BP PLC has settled a $146 million suit in Texas federal court that accused the oil and gas giant of stealing a Florida man's proprietary design for a containment system allegedly used to stem the torrential subsea oil spill caused by the Deepwater Horizon disaster.
Pfizer Inc. and Ranbaxy Laboratories Ltd. urged a New Jersey federal judge on Friday to toss indirect purchasers' antitrust suit in multidistrict litigation challenging a purportedly anti-competitive patent infringement settlement between the companies over Lipitor, saying the claims were doomed after a similar direct purchaser action was recently dismissed.
The group of American Indians who won the ruling earlier this year canceling the Washington Redskins trademark registrations urged a Virginia federal judge Monday to toss the team's appeal of the decision, saying the case was filed against the wrong defendants in the wrong court.
A federal judge on Friday refused to reduce the $2 million in sanctions imposed on Quinn Emanuel Urquhart & Sullivan LLP and Samsung Electronics Co. Ltd. for disclosing confidential information during the Apple Inc. smartphone patent case, saying they hadn't shown the award was excessive.
Holland & Knight LLP on Monday announced that its Tampa office has welcomed new partner Jason H. Baruch, who specializes in commercial litigation, maritime law, bankruptcy and intellectual property work.
The owner of pornography streaming site FyreTV on Monday filed for an injunction against Amazon.com Inc. that seeks to block the online retailer from continuing to use the allegedly trademark infringing name Fire TV to market its own video streaming service.
A Texas federal judge on Thursday approved a settlement between consulting giant Accenture LLP and software maker Wellogix Inc. in a dispute over whether Accenture should be required to pay another $22 million in attorneys’ fees on top of a now-affirmed $44.4 million trade secrets theft verdict.
Raytheon Co. and Lockheed Martin Corp. agreed in Arizona federal court on Friday to settle a long-running trademark dispute over the use of the term “paveway” for laser-guided bombs, agreeing that Raytheon owns the mark while granting Lockheed license to use it.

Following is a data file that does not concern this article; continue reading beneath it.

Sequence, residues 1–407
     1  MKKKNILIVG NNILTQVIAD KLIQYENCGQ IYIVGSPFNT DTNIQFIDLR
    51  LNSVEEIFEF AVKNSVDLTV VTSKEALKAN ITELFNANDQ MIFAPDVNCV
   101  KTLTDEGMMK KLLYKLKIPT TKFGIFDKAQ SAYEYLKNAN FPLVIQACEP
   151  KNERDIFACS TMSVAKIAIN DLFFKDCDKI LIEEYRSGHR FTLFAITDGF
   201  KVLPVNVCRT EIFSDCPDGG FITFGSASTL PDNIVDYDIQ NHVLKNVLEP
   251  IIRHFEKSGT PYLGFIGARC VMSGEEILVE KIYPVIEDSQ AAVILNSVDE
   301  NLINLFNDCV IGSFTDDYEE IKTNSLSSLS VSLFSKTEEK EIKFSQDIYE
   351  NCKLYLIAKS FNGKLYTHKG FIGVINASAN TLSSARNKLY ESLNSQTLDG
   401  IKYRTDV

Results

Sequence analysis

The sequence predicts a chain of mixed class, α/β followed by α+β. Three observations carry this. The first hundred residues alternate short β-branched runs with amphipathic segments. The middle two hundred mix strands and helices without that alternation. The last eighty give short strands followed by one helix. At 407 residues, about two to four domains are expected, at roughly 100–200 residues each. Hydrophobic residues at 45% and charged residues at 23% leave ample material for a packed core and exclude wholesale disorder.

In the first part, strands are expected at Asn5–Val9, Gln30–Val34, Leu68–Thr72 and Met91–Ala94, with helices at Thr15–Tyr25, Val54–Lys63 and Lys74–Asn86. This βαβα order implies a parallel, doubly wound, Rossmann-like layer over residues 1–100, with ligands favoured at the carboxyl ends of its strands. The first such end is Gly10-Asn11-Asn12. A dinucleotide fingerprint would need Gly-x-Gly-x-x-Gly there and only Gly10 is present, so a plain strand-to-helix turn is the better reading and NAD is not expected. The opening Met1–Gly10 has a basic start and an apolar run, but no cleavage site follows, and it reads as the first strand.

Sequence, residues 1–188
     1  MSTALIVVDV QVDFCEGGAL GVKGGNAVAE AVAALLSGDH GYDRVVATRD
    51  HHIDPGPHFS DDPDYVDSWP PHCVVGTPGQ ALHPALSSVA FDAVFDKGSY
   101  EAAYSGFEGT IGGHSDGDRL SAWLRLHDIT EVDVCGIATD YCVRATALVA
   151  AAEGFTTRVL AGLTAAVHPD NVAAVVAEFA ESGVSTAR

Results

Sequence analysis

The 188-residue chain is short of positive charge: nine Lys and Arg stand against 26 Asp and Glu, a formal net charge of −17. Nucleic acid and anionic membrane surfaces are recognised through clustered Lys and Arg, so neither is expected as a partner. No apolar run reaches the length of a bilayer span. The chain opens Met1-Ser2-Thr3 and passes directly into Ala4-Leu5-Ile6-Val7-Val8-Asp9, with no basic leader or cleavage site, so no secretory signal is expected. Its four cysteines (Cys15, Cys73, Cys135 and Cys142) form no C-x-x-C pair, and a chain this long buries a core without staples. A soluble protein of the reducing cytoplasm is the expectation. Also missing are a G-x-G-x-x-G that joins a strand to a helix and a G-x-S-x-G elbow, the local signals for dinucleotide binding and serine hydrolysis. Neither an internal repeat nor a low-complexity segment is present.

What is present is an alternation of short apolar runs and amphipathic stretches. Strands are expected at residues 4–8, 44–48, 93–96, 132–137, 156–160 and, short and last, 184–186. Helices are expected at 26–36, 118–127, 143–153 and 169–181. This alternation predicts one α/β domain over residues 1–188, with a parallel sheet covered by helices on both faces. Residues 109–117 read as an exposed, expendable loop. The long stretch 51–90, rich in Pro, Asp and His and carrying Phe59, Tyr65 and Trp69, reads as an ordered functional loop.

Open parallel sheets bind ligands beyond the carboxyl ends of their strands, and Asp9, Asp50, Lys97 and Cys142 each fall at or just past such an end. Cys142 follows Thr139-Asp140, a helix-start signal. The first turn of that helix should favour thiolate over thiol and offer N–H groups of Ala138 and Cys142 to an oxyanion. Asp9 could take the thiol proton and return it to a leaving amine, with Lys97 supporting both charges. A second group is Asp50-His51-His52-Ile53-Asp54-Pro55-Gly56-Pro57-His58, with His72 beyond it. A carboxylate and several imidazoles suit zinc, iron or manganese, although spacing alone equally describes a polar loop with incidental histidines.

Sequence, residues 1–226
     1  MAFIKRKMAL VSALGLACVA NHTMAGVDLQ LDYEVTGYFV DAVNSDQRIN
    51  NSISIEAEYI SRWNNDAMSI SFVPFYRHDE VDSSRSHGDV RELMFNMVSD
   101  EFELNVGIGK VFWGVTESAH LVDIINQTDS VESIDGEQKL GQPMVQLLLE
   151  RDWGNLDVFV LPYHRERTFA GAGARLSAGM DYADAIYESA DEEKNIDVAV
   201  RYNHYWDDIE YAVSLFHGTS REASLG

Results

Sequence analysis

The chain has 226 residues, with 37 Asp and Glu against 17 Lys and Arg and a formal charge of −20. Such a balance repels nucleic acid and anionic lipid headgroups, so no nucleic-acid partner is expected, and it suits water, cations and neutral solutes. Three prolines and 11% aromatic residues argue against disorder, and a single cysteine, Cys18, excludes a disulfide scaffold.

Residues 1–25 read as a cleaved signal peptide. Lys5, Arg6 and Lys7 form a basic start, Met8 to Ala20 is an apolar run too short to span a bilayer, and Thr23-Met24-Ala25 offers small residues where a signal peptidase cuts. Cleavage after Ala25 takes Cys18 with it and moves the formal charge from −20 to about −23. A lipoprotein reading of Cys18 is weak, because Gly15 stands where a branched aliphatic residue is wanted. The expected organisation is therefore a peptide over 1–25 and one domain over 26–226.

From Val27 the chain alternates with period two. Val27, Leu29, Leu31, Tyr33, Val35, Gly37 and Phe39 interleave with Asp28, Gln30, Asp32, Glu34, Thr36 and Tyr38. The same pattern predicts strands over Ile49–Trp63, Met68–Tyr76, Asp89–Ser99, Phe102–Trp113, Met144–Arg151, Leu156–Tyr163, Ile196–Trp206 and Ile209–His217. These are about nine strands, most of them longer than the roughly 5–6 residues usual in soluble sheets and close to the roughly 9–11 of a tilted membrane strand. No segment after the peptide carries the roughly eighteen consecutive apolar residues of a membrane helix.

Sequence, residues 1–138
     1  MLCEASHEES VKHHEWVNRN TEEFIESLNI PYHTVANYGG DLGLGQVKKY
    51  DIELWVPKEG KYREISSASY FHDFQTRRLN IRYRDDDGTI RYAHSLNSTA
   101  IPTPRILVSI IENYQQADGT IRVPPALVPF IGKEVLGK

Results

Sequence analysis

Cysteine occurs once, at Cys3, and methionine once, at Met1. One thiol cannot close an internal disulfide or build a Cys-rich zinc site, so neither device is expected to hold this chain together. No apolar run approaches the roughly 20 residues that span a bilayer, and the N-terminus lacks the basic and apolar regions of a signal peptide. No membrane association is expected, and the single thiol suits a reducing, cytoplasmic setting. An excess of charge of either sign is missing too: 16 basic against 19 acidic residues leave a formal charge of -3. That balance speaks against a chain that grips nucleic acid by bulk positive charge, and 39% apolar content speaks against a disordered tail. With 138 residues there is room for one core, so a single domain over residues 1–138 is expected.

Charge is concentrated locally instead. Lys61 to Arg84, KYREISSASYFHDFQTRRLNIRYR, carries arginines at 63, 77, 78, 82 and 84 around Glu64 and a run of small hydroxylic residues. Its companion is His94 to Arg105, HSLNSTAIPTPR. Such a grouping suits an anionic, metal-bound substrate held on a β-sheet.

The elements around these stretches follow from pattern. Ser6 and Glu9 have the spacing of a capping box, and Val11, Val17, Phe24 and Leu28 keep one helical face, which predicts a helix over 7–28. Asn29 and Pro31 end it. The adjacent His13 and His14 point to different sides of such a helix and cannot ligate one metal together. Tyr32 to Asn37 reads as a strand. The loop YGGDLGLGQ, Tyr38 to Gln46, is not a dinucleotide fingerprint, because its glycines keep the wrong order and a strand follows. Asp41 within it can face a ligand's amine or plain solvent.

Freescale Semiconductor Inc. and MediaTek Inc. have reached an undisclosed global settlement in their ongoing chip-patent infringement war, the companies announced Monday just as a California federal jury was to begin deliberating in MediaTek's $23.4 million trial accusing rival Freescale of copying three patents.
A California federal judge on Friday trimmed patent holder Signal IP Inc.’s infringement suit against Mercedes-Benz USA LLC accusing the automaker's cars of using its car-safety patents, including one for a blind-spot radar, ruling Signal had not properly alleged willful infringement.
In Law360's latest roundup of new actions at the Trademark Trial and Appeal Board, a distillery tries to cancel a Twentieth Century Fox trademark for the movie "Sideways," the company behind James Bond is "stirred" to action, and Quaker Oats goes after a real-life woman who calls herself "Aunt Jemima."
The full Federal Circuit decided Friday not to review the so-called mandate rule requiring lower courts to strictly comply with appeals court decisions, rejecting Becton Dickinson and Co.'s argument that the rule was misapplied when the court refused to reduce a $5 million patent verdict against it.
A California federal judge denied SanDisk Corp.’s bid to toss a putative class action lodged by retailers and customers accusing the company of using its patents to monopolize the flash memory industry, ruling the plaintiffs have standing.
It will be much more difficult for patent owners to secure massive verdicts now that the Federal Circuit has thrown out a $368 million damages award against Apple Inc., attorneys say, since the court sent a clear message that damages estimates must be closely tied to the patented features.
Russian gas giant OAO Gazprom said Friday that a $1.3 billion trade secrets suit being pursued by Moncrief Oil International Inc. belongs in Texas federal court because the dispute is subject to a foreign arbitration agreement governing a failed Siberian gas field deal.
Merck Sharp & Dohme Corp. and Bristol-Myers Squibb Co. may be nearing the end of a patent row with Cipla USA Inc. over Cipla’s plans to make a generic version of the antiretroviral drug Sustiva, according to a letter filed on Thursday in New Jersey federal court.